Fake Service Dogs, Real Problem

By Brian Fischler

The Americans with Disabilities Act (ADA) website defines service animals as
dogs that are individually trained to do work or perform tasks for people
with disabilities. That’s a very clear, concise definition.

So why does an online ad elsewhere read, “Identification for your service dog will reduce conflict. Get yours before the law changes!”

It’s never surprising what you can find for sale online. A Google search produced a multitude of different service/emotional dog kits for sale from
several different small companies. These kits will provide tags for your dog claiming they are a service or emotional dog, identification for you and your dog as a service dog, and a service dog vest.

What is shocking is that even major online retailers offer links to companies selling these dog kits. Even more shocking is that anyone can just
as easily purchase a harness for their dog of the type that a blind person would use with their guide dog.

It’s hard to comprehend that people would fake a disability to take their dog on vacation with them. “I receive plenty of calls from people who do not have disabilities, but are going out of town and need to take their dogs with them.
They are looking to find out where they can get certification,” says Jose Lopez, director of communications for The Lighthouse of Broward County, Florida.

Becky Barnes, past president of Guide Dogs Users, Inc., has also fielded calls over the years from people looking to get their dogs certified as
service dogs.

To this, Becky explains, “The best way to get certification is to go through a proper training program. The law does allow for individuals to train their own dogs to be service dogs, but I wouldn’t recommend it, as the individual
needs to be matched with the appropriate dog.”

Purchasing a service dog certification or an official looking ID through one
of these companies doesn’t make your dog a service dog, and these companies
are causing havoc for legitimate service dog handlers.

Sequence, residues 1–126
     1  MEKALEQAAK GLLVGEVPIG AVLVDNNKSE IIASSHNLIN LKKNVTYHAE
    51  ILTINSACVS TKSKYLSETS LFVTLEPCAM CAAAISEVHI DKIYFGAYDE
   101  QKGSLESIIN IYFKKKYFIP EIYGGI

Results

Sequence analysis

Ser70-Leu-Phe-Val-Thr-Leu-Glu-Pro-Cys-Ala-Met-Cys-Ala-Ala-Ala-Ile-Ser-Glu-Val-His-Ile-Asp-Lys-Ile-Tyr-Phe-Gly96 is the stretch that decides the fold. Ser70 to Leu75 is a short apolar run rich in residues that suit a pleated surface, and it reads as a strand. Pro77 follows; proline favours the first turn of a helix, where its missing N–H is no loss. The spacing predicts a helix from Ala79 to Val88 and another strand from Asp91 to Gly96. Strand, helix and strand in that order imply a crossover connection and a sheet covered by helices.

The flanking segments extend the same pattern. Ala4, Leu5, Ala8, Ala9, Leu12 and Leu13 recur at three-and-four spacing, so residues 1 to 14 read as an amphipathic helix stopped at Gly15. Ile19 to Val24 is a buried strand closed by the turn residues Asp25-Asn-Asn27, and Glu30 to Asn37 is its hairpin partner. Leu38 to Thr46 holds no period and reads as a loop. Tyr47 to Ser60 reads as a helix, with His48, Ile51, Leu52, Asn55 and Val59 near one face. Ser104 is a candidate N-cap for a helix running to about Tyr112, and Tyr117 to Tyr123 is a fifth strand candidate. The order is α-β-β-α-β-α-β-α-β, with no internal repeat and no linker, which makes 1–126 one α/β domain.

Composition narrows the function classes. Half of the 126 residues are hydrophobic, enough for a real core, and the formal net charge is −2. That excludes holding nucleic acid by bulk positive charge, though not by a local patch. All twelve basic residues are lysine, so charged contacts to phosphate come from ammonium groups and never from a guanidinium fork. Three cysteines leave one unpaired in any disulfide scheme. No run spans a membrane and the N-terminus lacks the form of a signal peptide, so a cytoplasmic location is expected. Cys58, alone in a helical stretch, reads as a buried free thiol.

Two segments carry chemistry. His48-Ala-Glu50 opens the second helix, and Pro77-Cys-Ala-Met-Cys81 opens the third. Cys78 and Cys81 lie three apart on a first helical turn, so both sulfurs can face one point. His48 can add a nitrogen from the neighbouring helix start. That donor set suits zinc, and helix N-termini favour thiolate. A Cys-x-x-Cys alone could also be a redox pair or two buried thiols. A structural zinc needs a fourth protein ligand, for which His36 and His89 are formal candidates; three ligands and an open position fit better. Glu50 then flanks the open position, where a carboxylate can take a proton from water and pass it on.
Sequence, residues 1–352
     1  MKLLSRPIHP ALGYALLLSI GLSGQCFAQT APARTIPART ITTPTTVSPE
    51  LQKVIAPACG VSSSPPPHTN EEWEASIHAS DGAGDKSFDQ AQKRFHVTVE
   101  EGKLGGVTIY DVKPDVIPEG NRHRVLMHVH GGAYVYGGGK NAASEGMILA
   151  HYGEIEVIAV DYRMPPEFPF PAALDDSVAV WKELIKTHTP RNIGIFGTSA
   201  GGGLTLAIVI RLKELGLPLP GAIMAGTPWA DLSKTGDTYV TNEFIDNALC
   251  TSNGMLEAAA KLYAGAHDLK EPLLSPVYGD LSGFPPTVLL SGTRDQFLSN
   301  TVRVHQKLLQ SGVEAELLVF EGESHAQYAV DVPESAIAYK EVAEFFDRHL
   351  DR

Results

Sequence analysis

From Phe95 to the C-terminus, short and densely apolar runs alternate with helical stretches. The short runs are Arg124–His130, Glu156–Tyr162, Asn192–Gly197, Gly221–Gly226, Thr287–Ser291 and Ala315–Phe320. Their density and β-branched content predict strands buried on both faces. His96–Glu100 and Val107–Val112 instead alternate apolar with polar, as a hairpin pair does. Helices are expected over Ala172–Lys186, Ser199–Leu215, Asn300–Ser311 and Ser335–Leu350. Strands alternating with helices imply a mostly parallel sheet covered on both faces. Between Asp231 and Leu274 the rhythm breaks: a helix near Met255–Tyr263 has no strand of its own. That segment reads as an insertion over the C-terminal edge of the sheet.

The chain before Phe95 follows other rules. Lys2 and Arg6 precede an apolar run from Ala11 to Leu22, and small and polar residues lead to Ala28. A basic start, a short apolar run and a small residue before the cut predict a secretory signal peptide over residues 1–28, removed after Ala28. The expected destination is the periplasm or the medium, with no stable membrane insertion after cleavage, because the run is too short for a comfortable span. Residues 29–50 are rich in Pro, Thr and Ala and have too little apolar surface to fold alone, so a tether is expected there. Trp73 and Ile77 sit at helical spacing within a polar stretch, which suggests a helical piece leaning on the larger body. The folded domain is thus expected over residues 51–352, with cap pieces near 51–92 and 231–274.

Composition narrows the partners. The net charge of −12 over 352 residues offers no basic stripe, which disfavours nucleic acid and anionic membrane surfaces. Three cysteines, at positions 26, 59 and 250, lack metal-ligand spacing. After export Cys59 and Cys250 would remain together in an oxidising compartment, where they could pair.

Lopez said, “People with legitimate service dogs are being questioned more
than ever, and their fear is that they will have to carry around
identification stating their disability.” Barnes added, “Currently, the ADA
states that business owners are only allowed to ask if the dog is a service
dog, and what they are trained to help with.”
The current law doesn’t require service dog handlers to carry around any
special identification.

Barnes also added, “I think the fear of service dog handlers is that they
will be questioned even more. Right now our rights are very clearly stated
by the ADA.

Bev Klayman, manager of admission services for Guiding Eyes for the Blind
has her suspicions about illegitimate service dogs. “I’ve seen dogs with
service dog tags misbehaving and acting aggressively in public. The general
public cannot differentiate between dogs that have been legitimately trained
to be service dogs (and those that have not). These illegitimate service dogs are causing
scenes and causing a bad representation of service dogs.”

One area where service dog handlers are running into a lot of trouble is
with the airlines. With heightened security at airports, service dog
handlers are receiving even more scrutiny. On a recent trip to the airport,
Becky was told by the clerk at the check-in counter, “That’s not a service dog. Service dogs
don’t wag their tails!”

It definitely is never dull for service dog handlers. You never know what
you will hear next. Considering the times we live in, one would expect to
get hassled at the airport, as a little bit of a hassle goes a long way to
making us feel safe and secure. So you could imagine Jose Lopez’s surprise on a recent
flight when he was flipping through the Sky Mall magazine, and what did he
come across? An advertisement in the magazine selling a service dog kit to
take your dog with you wherever you go!

Becky Barnes said, “Currently, these companies aren’t breaking any laws.

“With service dogs there doesn’t seem to be a white and black area but a
huge gray area.” She added, “Discussions have begun to make it a misdemeanor to
misrepresent your dog as a service dog. Unfortunately, it is being taken as
seriously as pirating music.”

[Note: while it is not illegal for companies to sell items to identify service
dogs, in many states it is illegal for someone to pretend to have a protected
disability in order to gain access for their pet dog in places where it
would otherwise be banned. – Ed.]

2013 Cesar Millan, Inc.

Reproduced from http://www.cesarsway.com/dogtraining/leadership/Fake-Service-Dogs-Real-Problem